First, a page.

Lack of funding, room jeopardize Guam buildup
By Michael Hoffman - Staff writer
Posted : Sunday Sep 30, 2007 9:30:13 EDT
Marine Corps Times
More than 60 years after leathernecks liberated Guam during World War II, plans for a second invasion of 8,000 Marines and 9,000 dependents from Okinawa, Japan, scheduled for 2014, are falling behind as uncertainties with funding the transfer and finding enough room on the tiny Pacific island risk dooming the project altogether.
Issues have arisen with getting Congress and the Japanese government to approve funding for the estimated $10.3 billion military buildup, which also includes constructing an Army ballistic missile defense station and a new Navy pier capable of berthing a nuclear-powered aircraft carrier, according to retired Marine Maj. Gen. David Bice, the director of the Joint Guam Program Office, and a recent report by the Government Accountability Office.
The Japanese government has agreed to fund $6.1 billion of the $10.3 billion price tag for the Marine move, but Bice said he is still worried that the Guam project could be passed over for other priorities in the Middle East.
“We recognize that Congress and the [Defense Department] is always going to be challenged for funding,” he said. “Our program is going to have to be fully justified.”
His office missed a December 2006 deadline to submit a master plan for the buildup to the Senate Appropriations Committee, but Bice said his office isn’t planning to issue one until February 2009, so funding will be included in the fiscal 2010 military budget and construction can start by summer 2010.
While the transfer of Marines is still seven years off and the units that will be sent to Guam may still change, the units identified for relocation from Okinawa include the command element for III Marine Expeditionary Force; the headquarters for 3rd Marine Division, 3rd Marine Logistics Group and 1st Marine Aircraft Wing; and 12th Marines, according to the GAO report.
By all accounts there is a lot of work ahead to upgrade Guam’s infrastructure and construct enough houses and military buildings to prepare for the 39,310 service members and dependents that will make up the buildup.
“There will be impacts on the infrastructure and we are working to respond to that growth,” said Shawn Gumataotao, spokesman for Guam Gov. Felix Camacho.
The GAO report described the two major roads in Guam as in “poor condition” and pointed out that the lack of roadways forces the Air Force to transport ordnance through highly populated areas to its depots.
The electric grid is also unreliable and the utility transmission lines are antiquated, according to the report. The solid-waste landfills are near capacity and the “waste-water treatment facilities have a long history of failing” and are also near capacity, the GAO reported.
Construction has been going on for the last couple years on Guam to update these faults, Gumataotao said. About $500 million has already been invested for projects to shore up roads, install power lines underground, and improve the handling of wastewater, he said.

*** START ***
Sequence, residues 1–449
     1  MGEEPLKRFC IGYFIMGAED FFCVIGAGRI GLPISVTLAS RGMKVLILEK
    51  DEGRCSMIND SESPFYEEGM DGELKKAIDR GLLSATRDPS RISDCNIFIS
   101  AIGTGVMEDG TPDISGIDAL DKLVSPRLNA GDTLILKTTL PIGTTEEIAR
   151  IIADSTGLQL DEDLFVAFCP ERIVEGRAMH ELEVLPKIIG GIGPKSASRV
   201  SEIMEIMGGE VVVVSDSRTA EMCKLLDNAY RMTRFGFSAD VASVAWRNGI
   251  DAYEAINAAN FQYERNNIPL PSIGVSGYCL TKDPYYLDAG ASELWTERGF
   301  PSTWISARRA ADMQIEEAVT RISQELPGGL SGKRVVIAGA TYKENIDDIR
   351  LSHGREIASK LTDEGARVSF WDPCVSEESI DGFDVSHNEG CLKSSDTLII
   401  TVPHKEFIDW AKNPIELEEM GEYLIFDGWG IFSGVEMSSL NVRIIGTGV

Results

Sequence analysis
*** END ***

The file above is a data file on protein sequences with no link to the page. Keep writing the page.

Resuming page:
Questions also surround how all the new Marines will be housed and how a high quality of life will be maintained on the remote island. Bice said the Japanese government plans to build 3,250 homes on base, and the governor’s office confirmed that housing developers on the island are working to build more off-base housing.
While the island can be a lonely place for service members, Bice is confident that the efforts made by his office and Guam officials will make it an attractive station.
“It’s going to be the new Oahu because it’s going to be a place people want to go,” he said.
The lack of infrastructure is fixable, but no study or congressional funding bill will create more space on the island, which is roughly the size of Camp Pendleton, Calif.
The Defense Department owns 40,000 acres of land on Guam, equal to 29 percent of the island, where 14,195 service members work, according to the Guam Integrated Military Development Plan.
DoD officials originally promised they could accomplish the buildup without obtaining more land, but Bice said his staff has reviewed the possibility of purchasing real estate from private landowners who have come forward and offered to sell.
But “there are political sensitivities to using former DoD land areas, since local community officials in Guam are concerned with the community’s reaction to DoD’s possible expansion of land holdings on the island,” the GAO reported.
While there is a minority on the island that is opposed to the buildup, Gumataotao said 70 percent of Guam residents polled do support it and are excited about the economic development it could provide.
Military planners might not be as excited when it comes to ensuring Marines meet training requirements.
“Training is going to be an issue on Guam,” said Bice, who once commanded 3rd Marine Division. Instead of staying on the island, Marines will have to travel to islands about 90 miles away to complete training exercises, Bice said.